The King and I: The Historical Setting of Revelation 1:9 and The Apostle John on Patmos
Dr. Gordon Franz
Emperor Domitian, the self-proclaimed "Lord and God",' became more superstition toward the last few years of his life (AD 90-96). On the day before his murder, he consulted an astrologer. He also was consulting Apollo, the god of music and poetry, and in addition the god of light, truth and prophecy! The emperor minted coins depicting Apollo on one side and a raven, a bird associated with prophecy, on the reverse side (Jones 1990:266) . One could tell the future by watching this bird's flight (Kanitz 1973-74:47), so Domitian looked to it to foretell his immediate future. Ironically, Suetonius, a Roman historian and senator, records, "A few months before he (Domitian) was killed, a raven perched on the Capitalium and cried, 'All will be well,' an omen which some interpreted as follows: '... a raven ... could not say "It is well," only declared "It will be."" (Domitian 23:2; 1992:385). Emperor Domitian died soon after and all was well!
The Apostle John, exiled on the island of Patmos about AD 95, received a more sure word of prophecy. Not from a raven, nor Apollo, but from the Lord Jesus Christ Himself. The Book of the Revelation begins, "The Revelation of Jesus Christ, which God gave Him to show His servants - things which must shortly take place" (Rev. 1:1). He goes on to say, "Blessed is he who reads and those who hear the words of this prophecy, and keep those things which are written in it; for the time is near" (Rev. 1:3).
The Book of the Revelation is a polemic (a controversial argument, as one against some opinion, doctrine, etc.) against Emperor Domitian and the Roman world. While Domitian looked to Apollo and the raven to foretell the immediate future, the Lord Jesus Christ, omniscient and infinitely greater than Domitian, revealed the future of the world in this book. He instructed John to "write the things which you have seen [the vision of the glorified Son of Man (Rev. lfl, and the things which are [the situation of the seven churches in Asia Minor at the end of the first century AD (Rev. 2 and 3)], and the things which will take place after this [all the future events recorded in Rev. 4-22]" (1:19). This paper will examine several aspects of Domitian's reign and John's exile to Patmos.
In the nineteenth century, Bible scholars, linguists, pilgrims, travellers and some military intelligence officers from America, England and the Continent began to visit the Holy Land and explore the Land of the Bible. In their books they described sites, recorded manners and customs, drew maps and sketched landscapes. This research began to open up the world of the Bible. A Book which was no longer a theological treatise, but a Book about real people, real events and real places. These explorers added a third dimension to Bible study for students back home. In addition they provided intelligence information for the countries of Europe awaiting the collapse of the Ottoman Empire.
In the late 19th snd early 20th century Sir William Ramsay explored, excavated and wrote about Asia Minor. One of his monumental studies is his book, The Letters to the Seven Churches. A more recent study on the setting of Rev. 2 and 3 is Cohn Hemer's PhD dissertation under F. F. Bruce at the University of Manchester in 1969 entitled, The Letters to the Seven Churches of Asia in Their Local Setting.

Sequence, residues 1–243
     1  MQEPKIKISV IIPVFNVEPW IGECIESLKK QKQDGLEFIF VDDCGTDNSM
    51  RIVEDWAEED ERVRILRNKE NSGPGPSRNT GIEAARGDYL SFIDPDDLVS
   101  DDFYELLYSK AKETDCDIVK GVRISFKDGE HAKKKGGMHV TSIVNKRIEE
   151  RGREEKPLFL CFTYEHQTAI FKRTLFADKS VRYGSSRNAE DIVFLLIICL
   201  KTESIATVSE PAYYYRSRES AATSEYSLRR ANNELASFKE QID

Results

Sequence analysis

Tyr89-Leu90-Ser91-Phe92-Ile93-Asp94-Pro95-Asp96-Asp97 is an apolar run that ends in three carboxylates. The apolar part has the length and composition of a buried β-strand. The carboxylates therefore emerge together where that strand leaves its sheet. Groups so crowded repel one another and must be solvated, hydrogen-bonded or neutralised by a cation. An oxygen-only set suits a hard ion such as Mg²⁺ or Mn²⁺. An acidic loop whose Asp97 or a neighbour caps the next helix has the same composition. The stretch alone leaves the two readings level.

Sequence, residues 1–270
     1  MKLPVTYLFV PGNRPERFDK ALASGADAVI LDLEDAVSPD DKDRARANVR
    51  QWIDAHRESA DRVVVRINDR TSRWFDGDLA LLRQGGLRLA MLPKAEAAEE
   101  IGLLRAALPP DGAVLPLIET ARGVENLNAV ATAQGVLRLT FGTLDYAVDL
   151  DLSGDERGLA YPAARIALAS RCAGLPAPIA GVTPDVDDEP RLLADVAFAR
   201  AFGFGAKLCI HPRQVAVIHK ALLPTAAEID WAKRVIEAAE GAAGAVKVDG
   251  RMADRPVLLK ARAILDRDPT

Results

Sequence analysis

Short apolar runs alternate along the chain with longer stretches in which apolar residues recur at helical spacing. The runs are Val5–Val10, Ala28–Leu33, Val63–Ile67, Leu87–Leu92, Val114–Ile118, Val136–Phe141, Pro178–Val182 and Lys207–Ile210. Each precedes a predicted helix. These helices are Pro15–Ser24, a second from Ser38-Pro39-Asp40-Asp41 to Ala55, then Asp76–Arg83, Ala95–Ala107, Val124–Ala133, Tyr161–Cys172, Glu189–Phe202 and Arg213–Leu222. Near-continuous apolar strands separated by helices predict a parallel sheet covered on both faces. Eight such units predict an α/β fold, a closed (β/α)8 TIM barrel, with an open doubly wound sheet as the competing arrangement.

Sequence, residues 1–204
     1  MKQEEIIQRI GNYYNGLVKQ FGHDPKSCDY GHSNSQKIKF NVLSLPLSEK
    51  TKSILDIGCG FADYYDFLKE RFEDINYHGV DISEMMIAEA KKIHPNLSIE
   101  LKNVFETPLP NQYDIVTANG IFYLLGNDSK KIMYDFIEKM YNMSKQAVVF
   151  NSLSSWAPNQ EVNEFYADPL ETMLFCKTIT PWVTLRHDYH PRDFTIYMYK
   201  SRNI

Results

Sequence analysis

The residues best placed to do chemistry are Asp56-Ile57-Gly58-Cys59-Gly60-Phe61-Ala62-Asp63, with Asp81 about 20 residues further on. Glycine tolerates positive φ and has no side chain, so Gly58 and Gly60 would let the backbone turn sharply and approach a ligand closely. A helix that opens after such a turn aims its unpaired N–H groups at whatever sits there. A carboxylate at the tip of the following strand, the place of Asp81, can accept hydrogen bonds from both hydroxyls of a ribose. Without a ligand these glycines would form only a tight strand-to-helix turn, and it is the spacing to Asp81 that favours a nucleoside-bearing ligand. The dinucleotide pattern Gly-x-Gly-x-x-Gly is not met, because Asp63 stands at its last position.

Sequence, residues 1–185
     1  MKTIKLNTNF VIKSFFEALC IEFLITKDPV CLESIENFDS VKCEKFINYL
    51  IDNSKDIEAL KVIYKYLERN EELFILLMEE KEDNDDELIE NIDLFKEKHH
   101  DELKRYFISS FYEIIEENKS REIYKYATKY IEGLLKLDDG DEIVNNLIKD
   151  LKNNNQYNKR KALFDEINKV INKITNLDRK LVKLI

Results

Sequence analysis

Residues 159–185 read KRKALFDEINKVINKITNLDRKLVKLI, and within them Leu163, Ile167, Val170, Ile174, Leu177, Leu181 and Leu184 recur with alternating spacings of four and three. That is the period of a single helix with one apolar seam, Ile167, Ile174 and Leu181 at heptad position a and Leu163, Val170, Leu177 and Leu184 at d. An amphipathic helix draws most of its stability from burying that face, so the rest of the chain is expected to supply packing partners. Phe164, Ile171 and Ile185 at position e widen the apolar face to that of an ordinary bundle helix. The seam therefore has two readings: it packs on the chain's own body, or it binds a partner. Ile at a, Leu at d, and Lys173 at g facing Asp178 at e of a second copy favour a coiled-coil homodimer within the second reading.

In my own simple way, I have tried to "follow in the footsteps" of these great explorers. First, by reading the accounts of their travels; and second, by travelling to the places where they visited and making my own observations.
These observations will help us consider the historical setting of Revelation 1:9 and understand the Apostle John's exile to the island of Patmos. I will begin with the assumption that Revelation was written in AD 95 during the reign of Emperor Domitian, and not in the reign of Nero (Thomas 1994:185-202). Let us begin with Emperor Domitian.
Emperor Domitiari Self-deified Emperor
Emperor Domitian had a definite ego problem! In Imperial Rome the senate would deify a emperor upon death. However, Domitian, like Gaius Caligula, could not wait until death, so he deified himself. This is well attested to by the ancient writers.
Suetoriius (AD 75 - Ca. 140), in his book Lives of the Caesars, wrote, "With no less arrogance he began as follows in issuing a circular letter in the name of his procurators, 'Our Master and our God bids that this be done.'" ("Dominus et deus noster hoe fieri iubet.") (Domitian 13:2; 1992:367). He also delighted in the adulation of the people in the amphitheater when they shouted, "Good Fortune attend our Lord and Mistress." ("Domino et dominae feliciterl") (Domitian 13:1; 1992:367). A reference to himself and his wife.
Pliny the Younger (born AD 61 or 62- died before 113), wrote in his Panegyricus a tribute to Emperor Trajan, "He (Domitian) was a madman, blind to the true meaning of his position, who used the arena for collecting charges of high treason, who felt himself slighted and scorned if we failed to pay homage to his gladiators, taking any criticism of them to himself and seeing insults to his own godhead and divinity; who deemed himself the equal of the gods yet raised his gladiators to be his equal." (33:4)